Business Barbados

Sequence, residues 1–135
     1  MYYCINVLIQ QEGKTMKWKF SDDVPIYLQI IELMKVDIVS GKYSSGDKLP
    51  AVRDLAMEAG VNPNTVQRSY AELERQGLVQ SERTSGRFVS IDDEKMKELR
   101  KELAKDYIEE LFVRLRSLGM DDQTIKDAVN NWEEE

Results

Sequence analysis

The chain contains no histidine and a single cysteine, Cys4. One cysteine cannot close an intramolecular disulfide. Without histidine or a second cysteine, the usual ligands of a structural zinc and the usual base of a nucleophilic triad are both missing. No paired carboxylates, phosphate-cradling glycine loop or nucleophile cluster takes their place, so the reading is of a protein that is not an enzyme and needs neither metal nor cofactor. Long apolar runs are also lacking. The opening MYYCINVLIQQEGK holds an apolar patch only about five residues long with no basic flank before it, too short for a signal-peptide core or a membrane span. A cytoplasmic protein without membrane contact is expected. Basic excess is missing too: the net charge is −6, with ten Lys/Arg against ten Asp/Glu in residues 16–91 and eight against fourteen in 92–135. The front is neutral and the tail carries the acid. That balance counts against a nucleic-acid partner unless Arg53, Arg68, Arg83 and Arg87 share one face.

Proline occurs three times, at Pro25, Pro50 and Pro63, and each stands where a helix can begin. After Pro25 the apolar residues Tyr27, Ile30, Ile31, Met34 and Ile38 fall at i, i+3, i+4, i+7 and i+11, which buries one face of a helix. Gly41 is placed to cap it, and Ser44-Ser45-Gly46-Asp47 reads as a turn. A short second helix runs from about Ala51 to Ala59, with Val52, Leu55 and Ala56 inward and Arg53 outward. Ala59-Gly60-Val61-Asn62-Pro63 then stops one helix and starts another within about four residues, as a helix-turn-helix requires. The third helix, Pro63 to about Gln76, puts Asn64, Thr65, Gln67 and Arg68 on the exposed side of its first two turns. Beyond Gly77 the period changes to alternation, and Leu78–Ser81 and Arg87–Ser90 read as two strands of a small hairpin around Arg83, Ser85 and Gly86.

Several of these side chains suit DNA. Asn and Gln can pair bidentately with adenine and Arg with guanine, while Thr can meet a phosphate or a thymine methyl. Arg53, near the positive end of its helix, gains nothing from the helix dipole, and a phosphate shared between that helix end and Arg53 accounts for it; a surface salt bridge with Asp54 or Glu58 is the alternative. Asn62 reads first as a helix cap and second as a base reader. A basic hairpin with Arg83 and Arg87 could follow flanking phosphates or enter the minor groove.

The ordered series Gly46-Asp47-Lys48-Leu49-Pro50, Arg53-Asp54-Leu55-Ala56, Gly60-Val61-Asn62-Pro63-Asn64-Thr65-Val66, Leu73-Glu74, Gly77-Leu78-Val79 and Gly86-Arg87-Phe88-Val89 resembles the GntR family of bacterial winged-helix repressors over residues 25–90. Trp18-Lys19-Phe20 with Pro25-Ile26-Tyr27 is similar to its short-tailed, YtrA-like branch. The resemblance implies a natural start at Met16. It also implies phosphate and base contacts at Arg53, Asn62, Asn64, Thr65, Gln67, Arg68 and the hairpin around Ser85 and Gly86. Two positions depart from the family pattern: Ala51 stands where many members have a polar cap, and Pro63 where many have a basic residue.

Just over 2-years ago, as a Canadian resident doing business in the United States and soon approaching retirement, I was faced with the tricky dilemma of deciding where I should retire, both from a financial perspective and where I’d like to live. I was confident that I’d enjoy living in Barbados because of all the many countries I’ve been to, I’ve never found anywhere more appealing than this island. It doesn’t matter how old, what nationality, religion or colour you are, if you are a good person, you will be made welcome. So, I was more interested in learning about the financial aspects of owning a property here. Initially, I liked the fact that I could purchase a Crane Private Residence outright to live in and still generate some income through The Crane’s rental programme. And what made renting out possible for me is that the 2-bedroom residence is designed as two adjoining units, a one bedroom and a junior suite that can be locked off from each other and used as individual independent 126 / units. That means my home is available to me on a full-time basis, but I can still rent out one of the units whenever I choose. On a broader scale, it impressed me that the new government has established appropriate legislation to accommodate the needs of bona fide investors, including permanent residency. By committing to a minimum investment, which can include the cost of the property, I was eligible to apply for a 5-year Special Entry and Reside Permit, SERP. Better still, by waiting until I was 60, I could apply for an SERP for an indefinite period. What is particularly appealing is that the SERP has been designed to link residency in Barbados with the country’s network of Dual Taxation Treaties, which enables SERP holders to benefit from the very competitive Barbados income-tax structure, which has one of the lowest OECD-approved rates in the world. What’s more, as a result of the country’s well-established international business sector, Barbados is home to various global brands in banking and professional services. It’s like being back at home or in the US. While purchasing at The Crane, I’ve developed great working relationships with the Royal Bank of Canada, my tax advisor who is a Canadian tax expert resident in Barbados, and my Barbadian immigration lawyer who has been extremely helpful. By making the move I am now in a better tax position, I feel more financially secure and I can live very comfortably. It has been a good business move for me, which is why I am willing to share my first-hand experiences with anybody considering doing the same thing. J Moving to Barbados Can Make Good Business Sense Bruce Jewer Bruce Jewer